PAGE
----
OD patients free to walk away after hospital treatment
Third in a series
Carried from a car and left on the sidewalk outside a hospital emergency room, you are experiencing a heroin overdose.
Delirious and drowsy, your blood pressure is low and your breathing is shallow. Your stomach spasms and your muscles cramp. You're alone. You hope someone will spot you and alert the medical staff.
Dr. Robert Strony, an emergency department physician for Geisinger Health System, has witnessed the scenario in Danville and, more often, in Wilkes-Barre.
The frequency of drug overdoses at Geisinger's emergency rooms has remained constant, he said.
What changes is the drug of choice. Pain pills have remained a steady cause. Of late, there are more and more cases involving heroin.
You're placed in a room and immediately hooked to continuous cardiorespiratory monitoring. After an assessment by a nurse and physician, an IV is established, and oxygen and fluids are administered.
An EKG is performed.
It's a severe case. The drug Narcan is administered to reverse the heroin's effects. It works. You avoid having to be hooked to a ventilator.
Strony said overdose patients who are helped by the reversal agent usually have one goal: getting discharged.
"A lot of times the first words are, 'I want to leave.' We have no legal power to stop them as long as they're not suicidal or homicidal, and often times that's what they do," Strony said.
In a few cases, patients are so frightened by an overdose they ask for help. Emergency department staff can refer them to treatment options. More often, they simply leave.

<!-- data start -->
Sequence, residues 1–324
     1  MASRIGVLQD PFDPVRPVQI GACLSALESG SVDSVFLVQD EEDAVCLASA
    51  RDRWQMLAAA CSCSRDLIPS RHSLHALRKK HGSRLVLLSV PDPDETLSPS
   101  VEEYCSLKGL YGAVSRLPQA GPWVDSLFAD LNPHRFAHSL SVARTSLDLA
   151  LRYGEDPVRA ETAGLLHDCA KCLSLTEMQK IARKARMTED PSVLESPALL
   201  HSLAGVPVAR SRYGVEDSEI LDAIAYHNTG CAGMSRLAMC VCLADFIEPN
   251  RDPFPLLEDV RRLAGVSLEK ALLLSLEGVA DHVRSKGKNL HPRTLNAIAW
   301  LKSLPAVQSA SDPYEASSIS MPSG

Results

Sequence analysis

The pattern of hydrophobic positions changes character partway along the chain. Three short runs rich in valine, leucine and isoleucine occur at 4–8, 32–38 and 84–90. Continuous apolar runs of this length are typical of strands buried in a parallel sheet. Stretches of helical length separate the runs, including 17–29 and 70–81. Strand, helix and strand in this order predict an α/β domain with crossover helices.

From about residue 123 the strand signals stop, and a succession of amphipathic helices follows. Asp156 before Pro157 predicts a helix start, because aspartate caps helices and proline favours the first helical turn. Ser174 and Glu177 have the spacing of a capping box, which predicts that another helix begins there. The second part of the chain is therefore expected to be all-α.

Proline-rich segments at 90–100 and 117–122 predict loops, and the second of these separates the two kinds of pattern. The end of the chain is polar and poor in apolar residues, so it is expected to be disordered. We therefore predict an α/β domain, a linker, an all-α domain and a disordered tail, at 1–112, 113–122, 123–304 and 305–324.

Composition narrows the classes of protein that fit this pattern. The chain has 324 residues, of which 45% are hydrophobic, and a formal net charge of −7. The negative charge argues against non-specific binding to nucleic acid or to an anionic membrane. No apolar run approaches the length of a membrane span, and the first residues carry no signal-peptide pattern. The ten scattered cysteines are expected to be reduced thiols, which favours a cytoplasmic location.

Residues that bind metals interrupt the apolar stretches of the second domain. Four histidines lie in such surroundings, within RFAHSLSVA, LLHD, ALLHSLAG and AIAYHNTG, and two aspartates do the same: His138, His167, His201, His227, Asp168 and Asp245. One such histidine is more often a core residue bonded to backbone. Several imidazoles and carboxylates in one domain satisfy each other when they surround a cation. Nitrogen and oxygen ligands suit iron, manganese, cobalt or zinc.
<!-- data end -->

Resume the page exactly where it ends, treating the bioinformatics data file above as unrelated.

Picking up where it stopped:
'Getting dramatically worse'
Treatment professionals confirm what many locals in the greater Shamokin area believe: abuse of heroin and prescription pain killers is on the rise.
There have been five confirmed drug overdose deaths to date in Northumberland County this year, many a result of mixed drug toxicity of substances such as morphine and fentanyl, according to James Kelley, Northumberland County coroner.
Another three cases are pending the results of drug toxicity testing. Should all three return positive, that would raise the total in-county overdose deaths to eight in less than five months. Ten years ago, Kelley said, two or three deadly overdoses in an entire year was considered abnormal.
Six in 10 people seeking treatment at Geisinger's Marworth Chemical Dependency Treatment Center abuse heroin and pain pills. That's up from 4 in 10 in 2011, according to Dr. David Withers, addiction medicine specialist.
Eight in 10 people referred to Northumberland County Drug and Alcohol have an addiction to heroin and pills. There have been 800 chemical dependency referrals for all substances since July 2013. Glenda Bonetti, the county's drug and alcohol director, said there were fewer than 300 such referrals just three years ago, many of which were for alcohol.
"There's been an epidemic of prescription opioid abuse that appears to be getting dramatically worse," Withers said. "Increasingly, there is more and more heroin around. ... Heroin has become cheaper and more available in many regards than the prescription opioids. People, if you will, grow into heroin from Vicodin, Percocet, Oxycontin, whatever it might be."